HERE'S SOMETHING you probably didn't think would be a problem with cornerback Asante Samuel out of the lineup for the Eagles.

"Missed tackles," were what Eagles cornerback Dimitri Patterson called the biggest deficiency in the 31-26 loss in Chicago on Sunday. "That's what stands out all about Sunday.

"We had our hands on guys and just didn't come up with the tackles. That's something we can control."

OK, it's a stretch to say that the presence of Asante "They don't pay me to tackle" Samuel would have made a difference as Bears running backs and receivers were passing through Eagles defenders like turnstiles.

But what happened to the defense does illustrate the shortsighted view of those who want to discount Samuel - who missed the game with a knee sprain - as a difference-maker on the field.

Next to defensive end Trent Cole, Samuel is the guy on the Eagles' defense with whom the opposition is most concerned.

When he's on the field, the opposing quarterback, wide receiver and offensive coordinator are thinking about him.

Samuel, who leads the NFL with seven interceptions, can turn a game around on a single play.

He's the type of player who makes you think about what you want to do and how you want to do it.

Samuel is the type of corner who can blanket a top receiver out of a game.

He's the type of corner who can make a quarterback hesitant and indecisive.

In a game played at the NFL level, that indecision can make the difference between a completion, an incompletion and an interception.

Samuel might not be the kind of intimidator that a hard-hitting lineman, linebacker or safety is, but he is an intimidator nonetheless.

And Sunday's performance by the Bears' offense was a perfect illustration of the loss of respect the Eagles' defense gets when Samuel is not out there.

The Bears had the 27th-ranked passing attack in the league, yet Jay Cutler completed 14 of 21 passes for 247 yards and a career-high four touchdowns against the Eagles.

Cutler did that without having a receiver ranked in the top 35 in total receptions.

It's a safe assumption to say that Cutler had a bit more confidence going against a secondary that included cornerbacks Joselio Hanson and rookie Trevard Lindley than if Samuel had been out there.

It's an even safer assumption to say that if Samuel is not able to play tomorrow, Houston Texans quarterback Matt Schaub will be even more confident, since he has Pro Bowl receiver Andre Johnson, who ranks fourth in the league with 65 catches for 869 yards and five touchdowns. He has 13 catches of 20-plus yards, with three of 40 or more.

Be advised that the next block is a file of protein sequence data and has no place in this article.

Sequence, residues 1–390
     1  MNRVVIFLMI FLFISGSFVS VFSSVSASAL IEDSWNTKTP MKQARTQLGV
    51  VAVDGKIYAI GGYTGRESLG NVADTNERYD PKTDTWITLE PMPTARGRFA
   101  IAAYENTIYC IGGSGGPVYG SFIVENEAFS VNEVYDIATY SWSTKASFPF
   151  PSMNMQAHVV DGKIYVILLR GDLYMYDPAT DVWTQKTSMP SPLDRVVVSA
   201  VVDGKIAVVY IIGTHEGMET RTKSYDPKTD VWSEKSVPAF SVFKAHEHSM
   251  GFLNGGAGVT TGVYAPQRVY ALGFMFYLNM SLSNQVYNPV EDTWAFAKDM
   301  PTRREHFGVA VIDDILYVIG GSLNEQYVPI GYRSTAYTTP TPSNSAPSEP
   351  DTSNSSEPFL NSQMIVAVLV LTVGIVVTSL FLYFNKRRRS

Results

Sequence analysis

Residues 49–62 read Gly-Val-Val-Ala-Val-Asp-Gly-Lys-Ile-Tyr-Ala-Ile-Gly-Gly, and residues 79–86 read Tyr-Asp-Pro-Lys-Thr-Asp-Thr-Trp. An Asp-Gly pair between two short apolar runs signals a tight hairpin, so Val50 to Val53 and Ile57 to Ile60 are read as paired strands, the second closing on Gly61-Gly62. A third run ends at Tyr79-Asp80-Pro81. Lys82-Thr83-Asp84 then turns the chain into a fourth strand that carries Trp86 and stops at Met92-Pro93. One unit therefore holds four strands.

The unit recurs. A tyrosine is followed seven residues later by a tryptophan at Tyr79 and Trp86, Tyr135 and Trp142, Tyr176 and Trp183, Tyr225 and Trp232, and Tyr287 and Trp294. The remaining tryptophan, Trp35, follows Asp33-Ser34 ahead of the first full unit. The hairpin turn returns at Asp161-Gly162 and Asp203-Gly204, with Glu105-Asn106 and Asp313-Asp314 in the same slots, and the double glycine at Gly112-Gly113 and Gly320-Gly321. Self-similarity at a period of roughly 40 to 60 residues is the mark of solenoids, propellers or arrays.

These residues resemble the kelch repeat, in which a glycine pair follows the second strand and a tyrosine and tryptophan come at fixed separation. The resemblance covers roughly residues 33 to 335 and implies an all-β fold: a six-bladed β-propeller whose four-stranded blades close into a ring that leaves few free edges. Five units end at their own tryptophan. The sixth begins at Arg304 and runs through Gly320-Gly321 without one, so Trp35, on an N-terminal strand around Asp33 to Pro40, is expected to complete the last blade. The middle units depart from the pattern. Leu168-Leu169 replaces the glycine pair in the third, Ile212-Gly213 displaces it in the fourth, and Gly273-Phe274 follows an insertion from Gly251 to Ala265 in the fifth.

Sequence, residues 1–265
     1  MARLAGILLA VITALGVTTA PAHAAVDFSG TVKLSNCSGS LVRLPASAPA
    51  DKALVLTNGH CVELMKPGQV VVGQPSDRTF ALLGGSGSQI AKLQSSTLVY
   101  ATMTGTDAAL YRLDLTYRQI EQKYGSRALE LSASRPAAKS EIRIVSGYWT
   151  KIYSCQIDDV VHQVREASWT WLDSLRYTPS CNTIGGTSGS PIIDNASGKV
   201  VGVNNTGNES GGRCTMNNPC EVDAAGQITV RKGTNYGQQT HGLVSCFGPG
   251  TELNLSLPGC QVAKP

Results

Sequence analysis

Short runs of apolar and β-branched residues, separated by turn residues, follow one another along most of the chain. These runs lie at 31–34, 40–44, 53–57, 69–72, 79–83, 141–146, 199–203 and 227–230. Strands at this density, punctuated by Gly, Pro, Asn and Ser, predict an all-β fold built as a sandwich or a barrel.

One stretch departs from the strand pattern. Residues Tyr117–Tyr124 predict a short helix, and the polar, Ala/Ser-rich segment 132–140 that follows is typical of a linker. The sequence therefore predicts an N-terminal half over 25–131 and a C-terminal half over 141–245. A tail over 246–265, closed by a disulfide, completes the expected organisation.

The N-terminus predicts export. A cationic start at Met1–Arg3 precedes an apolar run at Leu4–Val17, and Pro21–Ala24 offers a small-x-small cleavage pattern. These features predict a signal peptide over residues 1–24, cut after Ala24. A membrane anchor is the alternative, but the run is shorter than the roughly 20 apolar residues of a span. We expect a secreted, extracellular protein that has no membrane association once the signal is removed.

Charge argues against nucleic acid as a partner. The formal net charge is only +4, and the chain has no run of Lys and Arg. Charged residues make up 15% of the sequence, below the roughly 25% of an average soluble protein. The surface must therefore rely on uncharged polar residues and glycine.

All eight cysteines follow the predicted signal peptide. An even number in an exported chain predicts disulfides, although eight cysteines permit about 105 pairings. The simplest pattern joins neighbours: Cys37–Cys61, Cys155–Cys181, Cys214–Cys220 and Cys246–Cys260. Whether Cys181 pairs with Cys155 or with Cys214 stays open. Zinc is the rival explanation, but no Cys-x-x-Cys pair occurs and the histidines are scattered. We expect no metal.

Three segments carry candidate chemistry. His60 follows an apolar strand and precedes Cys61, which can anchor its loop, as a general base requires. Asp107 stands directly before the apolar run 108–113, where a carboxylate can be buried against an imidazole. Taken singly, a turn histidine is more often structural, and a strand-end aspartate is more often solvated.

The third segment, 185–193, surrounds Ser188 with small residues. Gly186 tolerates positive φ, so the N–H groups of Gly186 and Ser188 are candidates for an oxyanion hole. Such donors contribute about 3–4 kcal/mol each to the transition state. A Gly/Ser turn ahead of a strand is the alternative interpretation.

The Eagles didn't catch a break when the NFL fined but did not suspend Johnson for getting into a fight with Tennessee cornerback Cortland Finnegan.

"I don't want any excuses if [Johnson] doesn't play," Patterson said. "He's a good player, a well-respected player. I'm a competitor and I look forward to it. He's one of the better receivers in the league, no doubt about that. It's going to be a good challenge."

I respect Patterson's gamesmanship, but this type of situation is Samuel's specialty.

Call it coincidence, but the Eagles have played games against four receivers in the top 10 - Atlanta's Roddy White, Indianapolis' Reggie Wayne, Washington's Santana Moss and the New York Giants' Hakeem Nicks. They have combined for 23 touchdowns, but only one came against the Eagles.

Maybe it's more coincidence, but Samuel had seven pass defended and five interceptions in those games.

The math doesn't add up well for the Eagles if Samuel isn't ready to return.

"Getting better," Samuel said yesterday after being a limited participant in practice. "Working hard to get better. Working every day to get better."

The bottom line is that Samuel's presence makes a huge difference.

When he is not out there, there is even more pressure for the defensive line to get pressure on the quarterback.

When Samuel isn't playing, the trickle-down effect dramatically affects the secondary.

Players like Hanson and Lindley couldn't handle the job upgrades they had on Sunday against Chicago.

"If Asante's back, he's a guy that adds a lot of veteran leadership to that group," Schaub said. "They put themselves in position to make plays and they create a bunch of turnovers.

"It's just something you've got to identify what's going on and find the right guy to throw it to."

That will be harder to do if Samuel plays.

So, no, the presence of Samuel won't dramatically improve the Eagles' tackling issues.

Of the six players with at least five interceptions, five are cornerbacks. Samuel's 23 tackles are the fewest - 14 fewer than Detroit's Alphonso Smith.

Still, when Samuel is out on the field, there are always a few plays when he does something that means the Eagles don't have to make a tackle.

That kind of impact cannot be easily replaced.

Send e-mail to

For recent columns, go to